After Danny died, his family was determined to help other families avoid the treatment gaps that they experienced. One key gap was information about and access to monitoring devices that alert caretakers to seizure activity. To help protect kids who have epilepsy, and to help prevent future seizure-related deaths, we created an Seizure Device Subsidy Program. Alerting devices provide a parent the advantage of early intervention when a seizure occurs for their child. Devices are often underutilized by patients, or unknown as a resource. The majority of these devices are not covered by medical insurance. This lack of coverage is an access impediment for low-income families, as these systems typically retail for $500-$1,500, an expense that is difficult to meet when it falls atop other expenses such as medication, hospital stays, and travel to medical appointments.

The Danny Did Foundation believes that a global problem such as epilepsy deserves the attention of all of the globe's inhabitants. From grammar school students to nationally recognized epilepsy experts, we engage all with the knowledge that any person could discover answers to urgent questions in epilepsy.

Danny Did is a partner member of The SUDEP Institute, the North American SUDEP Registry, the Partners Against Mortality in Epilepsy conference, and the Centers for SUDEP Research consortium. We utilize this collaborations to move our goals ahead.

Danny Did is lead by our Co-Founders and has a strong, diverse and active Board of Directors. Danny Did is a partner member of The SUDEP Institute, the North American SUDEP Registry, the Partners Against Mortality in Epilepsy conference, and the Centers for SUDEP Research consortium.
Danny Did serves families all across the United States and has supporters in every state. We have an Ambassadors program in nineteen states. We have a Young Professionals Board in Chicago with satellite members in NY and CA. We also have Student Ambassadors in High Schools and Universities throughout the Midwest.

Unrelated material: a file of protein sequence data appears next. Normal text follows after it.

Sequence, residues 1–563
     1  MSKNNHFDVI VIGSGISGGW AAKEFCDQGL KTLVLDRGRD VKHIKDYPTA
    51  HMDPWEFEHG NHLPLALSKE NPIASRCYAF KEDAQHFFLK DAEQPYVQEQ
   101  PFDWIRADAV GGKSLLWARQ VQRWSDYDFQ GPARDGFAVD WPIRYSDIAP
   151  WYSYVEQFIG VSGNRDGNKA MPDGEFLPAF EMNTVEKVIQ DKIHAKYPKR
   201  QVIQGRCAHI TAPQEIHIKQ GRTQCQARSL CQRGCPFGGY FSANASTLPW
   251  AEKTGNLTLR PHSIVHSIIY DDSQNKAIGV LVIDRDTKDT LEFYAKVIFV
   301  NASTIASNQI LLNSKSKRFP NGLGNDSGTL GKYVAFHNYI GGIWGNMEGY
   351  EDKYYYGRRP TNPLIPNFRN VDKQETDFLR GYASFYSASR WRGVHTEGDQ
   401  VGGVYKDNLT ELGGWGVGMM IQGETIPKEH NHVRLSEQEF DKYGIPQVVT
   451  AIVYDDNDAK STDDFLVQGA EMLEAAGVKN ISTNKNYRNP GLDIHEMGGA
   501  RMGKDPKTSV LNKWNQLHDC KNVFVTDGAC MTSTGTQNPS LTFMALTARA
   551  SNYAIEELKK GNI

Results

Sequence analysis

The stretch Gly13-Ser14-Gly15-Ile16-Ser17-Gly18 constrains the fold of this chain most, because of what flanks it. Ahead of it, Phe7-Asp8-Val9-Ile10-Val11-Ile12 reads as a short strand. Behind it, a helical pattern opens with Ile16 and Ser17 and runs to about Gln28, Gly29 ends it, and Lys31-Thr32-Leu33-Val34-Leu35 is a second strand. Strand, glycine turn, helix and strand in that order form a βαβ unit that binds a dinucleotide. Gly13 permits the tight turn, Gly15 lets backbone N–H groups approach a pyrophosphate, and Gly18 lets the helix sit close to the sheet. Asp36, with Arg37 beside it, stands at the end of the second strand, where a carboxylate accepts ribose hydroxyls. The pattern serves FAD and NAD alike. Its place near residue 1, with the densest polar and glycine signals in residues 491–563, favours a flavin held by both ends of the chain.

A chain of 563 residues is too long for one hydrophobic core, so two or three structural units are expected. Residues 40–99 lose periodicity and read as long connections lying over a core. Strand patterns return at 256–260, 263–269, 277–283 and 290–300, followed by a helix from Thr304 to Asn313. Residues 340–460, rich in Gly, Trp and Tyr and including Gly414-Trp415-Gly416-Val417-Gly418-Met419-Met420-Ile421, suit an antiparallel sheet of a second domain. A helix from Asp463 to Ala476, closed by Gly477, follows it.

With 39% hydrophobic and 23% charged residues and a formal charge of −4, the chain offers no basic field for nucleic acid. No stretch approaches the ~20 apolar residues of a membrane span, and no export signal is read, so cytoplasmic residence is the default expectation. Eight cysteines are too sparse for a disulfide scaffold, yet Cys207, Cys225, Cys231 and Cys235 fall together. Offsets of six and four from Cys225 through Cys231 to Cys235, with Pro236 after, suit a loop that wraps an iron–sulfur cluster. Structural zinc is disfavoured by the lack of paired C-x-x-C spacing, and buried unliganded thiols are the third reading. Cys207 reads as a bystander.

Since 2010, our signature seizure alert grant program has resulted in more than 1,200 grants to families spanning all 50 states and 11 countries. This program engenders an immediate impact, offering added safety for epilepsy patients, and peace of mind for their caregivers.


COMMUNICATIONS & AWARENESS:

* Our awareness programs have included both digital and traditional billboard messaging in greater Chicagoland, including a dedicated billboard campaign that is ongoing at O'Hare International Airport.

*We produce public service announcements annually, which have aired on multiple radio stations in both greater Chicago and greater Boston.

*On average, we produce more than 1,500 social media posts, featuring content on epilepsy, seizures and SUDEP awareness;

*On average, we distribute more than 55 e-newsletters annually, focused on epilepsy awareness;

*On average, we secure 15-20 unpaid media touches annually;

*We participate in 20-25 speaking and educational events each year.


ADVOCACY & PARTNERSHIPS:

*We have had leadership roles within advocacy partnerships, including – Partners Against Mortality in Epilepsy (PAME), the SUDEP Institute, the Epilepsy Leadership Council, Young Irish Fellowship Club of Chicago; the Northwestern University Dance Marathon, the Child Neurology Foundation, the Keep On Keeping On Foundation, Epilepsy Foundation of Greater Chicago, Epilepsy Awareness Day at Disneyland;